The first sequel was titled Urfin Jus and his Wooden Soldiers. A woodcarver who served Gingemma finds his property overrun with mysterious thorny plants. After burning them, he discovers the ashes will bring things to life, so he creates wooden soldiers called the Deadwood Oaks to conquer Magic Land. While he quickly conquers the Munchkins, Strasheela puts up quite the defense at the Emerald City, until a traitor named Ruf Bilan helps Urfin win. After Urfin captures both Strasheela and the Iron Lumberjack, Kaggi-Karr the crow is sent across the mountains to Kansas to ask Elli and her peg-legged sailor Uncle Charlie Black to come to Magic Land.

Just so we're clear, Urfin is basically a male Mombi mixed with Jinjur with a dash of the Nome King. Uncle Charlie clearly feels a lot like Cap'n Bill. And in a nod to The Road to Oz, the return to Magic Land is achieved through a wheeled boat. Just don't ask why there's a mountain range and a desert in Kansas with all of Magic Land hidden there that no one's noticed.

In Magic Land, Elli and Uncle Charlie meet up with the Lion who helps them free Blue Land, and then with the help of Ramina and her knowledge of underground tunnels, they free Strasheela and the Iron Lumberjack to help them free Violet Land. With Urfin's supply of magic ashes now exhausted, the Deadwood Oaks at the Emerald City are taken out with flaming debris and Urfin is sent home. The remaining Deadwood Oaks are given new faces and serve Strasheela.

 In The Seven Underground Kings, Ruf Bilan fled into the Land of the Underground Ore-Diggers, who have a system of seven Royal Families who take turns ruling. This is acheieved thanks to the Soporific Waters, which send people  to sleep for an extended period of time and wipes their memeories. When each family and their court awakens, they are re-educated as to who they are and then allowed to rule for one month. Ruf Bilan has damaged the source of the water, stopping the system, meaning that over time, each family has awoken.

Back in Kansas, Ellie and her cousin Fred Canning explore a cave, but are trapped and journey to Underground Land, where Ruf Bilan claims that Elli is a powerful fairy who can restore the waters, so she and Fred are kept prisoner. Totoshka is sent to find Strasheela, who arrives with Ellie's other friends to advise on the matter, though the underground climate isn't favorable to any of them.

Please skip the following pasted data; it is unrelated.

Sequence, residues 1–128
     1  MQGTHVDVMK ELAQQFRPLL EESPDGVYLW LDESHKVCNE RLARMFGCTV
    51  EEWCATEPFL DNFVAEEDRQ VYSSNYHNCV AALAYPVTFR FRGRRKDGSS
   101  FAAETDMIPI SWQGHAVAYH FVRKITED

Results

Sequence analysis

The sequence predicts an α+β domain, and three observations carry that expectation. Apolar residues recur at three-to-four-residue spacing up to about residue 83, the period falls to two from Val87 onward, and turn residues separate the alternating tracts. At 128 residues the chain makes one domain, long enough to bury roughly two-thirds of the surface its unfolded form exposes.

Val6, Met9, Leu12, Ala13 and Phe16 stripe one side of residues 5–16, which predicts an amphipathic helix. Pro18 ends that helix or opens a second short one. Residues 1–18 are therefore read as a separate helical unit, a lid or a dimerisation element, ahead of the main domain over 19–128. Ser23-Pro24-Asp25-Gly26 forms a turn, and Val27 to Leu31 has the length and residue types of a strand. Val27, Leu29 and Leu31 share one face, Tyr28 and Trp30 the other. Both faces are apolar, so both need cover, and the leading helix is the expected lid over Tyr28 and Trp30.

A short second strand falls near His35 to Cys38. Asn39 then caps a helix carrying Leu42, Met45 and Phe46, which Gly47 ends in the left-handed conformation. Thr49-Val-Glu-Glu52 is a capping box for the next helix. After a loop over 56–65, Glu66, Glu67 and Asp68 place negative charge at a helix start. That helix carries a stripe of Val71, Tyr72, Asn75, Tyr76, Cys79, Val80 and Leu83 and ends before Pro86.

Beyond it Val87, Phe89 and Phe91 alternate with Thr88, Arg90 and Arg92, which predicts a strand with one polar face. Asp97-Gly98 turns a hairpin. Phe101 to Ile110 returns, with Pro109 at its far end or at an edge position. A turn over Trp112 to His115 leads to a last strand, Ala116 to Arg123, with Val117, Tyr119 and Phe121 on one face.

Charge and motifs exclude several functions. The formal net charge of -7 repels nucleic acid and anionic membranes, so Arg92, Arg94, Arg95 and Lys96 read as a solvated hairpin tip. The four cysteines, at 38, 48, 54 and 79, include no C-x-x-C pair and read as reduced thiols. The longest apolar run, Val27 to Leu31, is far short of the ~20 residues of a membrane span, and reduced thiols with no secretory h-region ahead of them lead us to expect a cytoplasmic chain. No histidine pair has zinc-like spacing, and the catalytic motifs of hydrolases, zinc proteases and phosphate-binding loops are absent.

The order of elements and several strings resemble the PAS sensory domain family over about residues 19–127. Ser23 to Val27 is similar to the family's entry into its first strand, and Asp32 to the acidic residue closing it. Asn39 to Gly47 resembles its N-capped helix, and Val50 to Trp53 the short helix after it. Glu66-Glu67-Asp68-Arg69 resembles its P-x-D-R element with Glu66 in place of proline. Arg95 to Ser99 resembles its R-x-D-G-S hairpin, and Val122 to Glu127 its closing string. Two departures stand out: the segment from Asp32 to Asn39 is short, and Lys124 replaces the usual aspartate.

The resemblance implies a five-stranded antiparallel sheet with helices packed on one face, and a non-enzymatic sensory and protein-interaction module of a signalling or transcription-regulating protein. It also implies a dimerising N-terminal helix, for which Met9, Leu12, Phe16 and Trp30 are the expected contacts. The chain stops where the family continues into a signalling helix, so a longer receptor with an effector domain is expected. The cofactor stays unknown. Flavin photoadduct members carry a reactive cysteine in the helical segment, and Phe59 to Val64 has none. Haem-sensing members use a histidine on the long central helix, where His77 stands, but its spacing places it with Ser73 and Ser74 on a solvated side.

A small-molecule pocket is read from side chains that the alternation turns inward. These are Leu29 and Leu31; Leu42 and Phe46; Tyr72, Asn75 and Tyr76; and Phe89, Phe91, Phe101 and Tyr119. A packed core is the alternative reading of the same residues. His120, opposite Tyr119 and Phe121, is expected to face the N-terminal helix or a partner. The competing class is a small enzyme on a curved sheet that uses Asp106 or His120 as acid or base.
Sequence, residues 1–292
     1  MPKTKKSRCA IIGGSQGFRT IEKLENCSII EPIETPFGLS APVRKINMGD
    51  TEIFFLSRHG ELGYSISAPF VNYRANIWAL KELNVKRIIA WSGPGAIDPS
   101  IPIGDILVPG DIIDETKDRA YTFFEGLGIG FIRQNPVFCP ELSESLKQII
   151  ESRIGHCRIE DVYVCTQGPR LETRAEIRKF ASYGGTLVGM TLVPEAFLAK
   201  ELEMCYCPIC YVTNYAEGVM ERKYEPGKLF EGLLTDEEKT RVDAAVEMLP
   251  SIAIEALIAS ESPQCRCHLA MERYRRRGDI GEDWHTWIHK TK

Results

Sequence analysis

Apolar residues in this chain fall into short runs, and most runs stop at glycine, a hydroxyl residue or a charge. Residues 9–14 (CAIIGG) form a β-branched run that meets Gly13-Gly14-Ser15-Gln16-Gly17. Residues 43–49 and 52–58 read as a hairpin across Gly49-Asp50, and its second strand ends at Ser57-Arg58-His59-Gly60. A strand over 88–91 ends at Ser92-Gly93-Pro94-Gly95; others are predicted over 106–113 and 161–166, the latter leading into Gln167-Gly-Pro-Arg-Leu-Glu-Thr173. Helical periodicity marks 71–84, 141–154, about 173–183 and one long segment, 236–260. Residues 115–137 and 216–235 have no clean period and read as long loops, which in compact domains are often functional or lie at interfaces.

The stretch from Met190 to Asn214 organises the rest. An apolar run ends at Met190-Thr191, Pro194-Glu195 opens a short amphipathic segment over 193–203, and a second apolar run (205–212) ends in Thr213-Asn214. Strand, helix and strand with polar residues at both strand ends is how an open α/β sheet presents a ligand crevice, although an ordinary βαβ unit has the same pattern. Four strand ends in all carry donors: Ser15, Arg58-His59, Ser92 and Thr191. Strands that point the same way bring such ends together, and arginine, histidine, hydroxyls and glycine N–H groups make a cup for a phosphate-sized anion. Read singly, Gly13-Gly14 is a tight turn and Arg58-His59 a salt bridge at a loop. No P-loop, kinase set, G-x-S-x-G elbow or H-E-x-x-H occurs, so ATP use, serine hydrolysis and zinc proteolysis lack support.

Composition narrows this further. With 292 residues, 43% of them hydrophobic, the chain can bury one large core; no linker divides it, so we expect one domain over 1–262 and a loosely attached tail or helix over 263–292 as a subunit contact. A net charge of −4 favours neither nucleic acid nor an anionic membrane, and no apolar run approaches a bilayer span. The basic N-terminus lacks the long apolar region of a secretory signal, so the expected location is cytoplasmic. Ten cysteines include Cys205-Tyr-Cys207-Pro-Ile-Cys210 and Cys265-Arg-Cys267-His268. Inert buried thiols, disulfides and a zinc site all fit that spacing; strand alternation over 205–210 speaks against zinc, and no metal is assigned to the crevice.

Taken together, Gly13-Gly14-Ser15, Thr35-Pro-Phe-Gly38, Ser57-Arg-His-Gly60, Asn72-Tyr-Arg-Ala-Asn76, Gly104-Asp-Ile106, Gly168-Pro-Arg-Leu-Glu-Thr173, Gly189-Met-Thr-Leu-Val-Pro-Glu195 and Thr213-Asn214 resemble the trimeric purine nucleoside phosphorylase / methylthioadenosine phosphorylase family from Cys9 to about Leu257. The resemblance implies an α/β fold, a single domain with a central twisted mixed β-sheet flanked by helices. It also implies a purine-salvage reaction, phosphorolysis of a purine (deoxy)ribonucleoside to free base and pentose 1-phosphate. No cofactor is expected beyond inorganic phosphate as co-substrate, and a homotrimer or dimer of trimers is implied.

When Fred suggests finding another source of the Waters, they manage to set up a pump, and each of the Seven Kings decides to send the others to sleep. However, the Timekeeper Rujero decides that all of the Kings will be sent to sleep and he will take permanent ruling duties, with the former kings being sent to new jobs to work with their people.

As the Underground People move above ground, Ramina predicts that Ellie will not be returning to Magic Land before she rides home on the back of Oyho the Dragon.

 So, now on to The Fiery God of the Marrans. Urfin Jus goes south and convinces the Marrans that he's a god using Charlie Black's abandoned cigarette lighter. The Marrans are a short, primitive people who can jump high who Volkov used to replace Baum's Hammerheads. And so, he decides to go conquer the Emerald City again. Strasheela now has a Magic television set that shows him anything he wants to see in Magic Land and has dug a moat around Emerald City. Yet, even with this, the Marrans are able to conquer.

Over in Kansas, we are introduced to Annie, Ellie's seven year old sister and Arto, the son of Totoshka. She and her friend Tim O'Kelly are obsessed with Ellie's tales of Magic Land and when Fred Canning sends them two solar-powered mechanical mules, the two children ride them to Magic Land. Once there, Annie helps to free a fox who gives her a circlet that makes her invisible. As she heads into Munchkin Country, she discovers what's going on with Urfin and grabbing some Soporific Water, she manages to free Strasheela. Urfin lies to the Marrans that the defeated Marrans were killed, but when he arrives, the Marrans see their supposedly dead friends playing a game of volleyball, causing them to revolt against their "Fire God." So all goes well as Tim, Annie and Arto return to Kansas.

 Now, over to The Yellow Fog. The giant witch Arachna awakens from her five thousand year slumber and catches up on the history of Magic Land. She decides she will conquer Magic Land. She tries brute force, but the combined forces are able to repel her. So she casts the yellow fog, which begins to irritate the throat and eyes, but the people of Magic Land manage to find ways to allieviate the effects. It's not until it brings severe winter weather that Oyho goes to fetch Annie and Tim to tell them how to deal with the new climate. However, uncle Charlie makes his return and helps the people defy Arachna with a giant robot named Tilly-Willy who comes to life and fights the witch, making her fall to her death.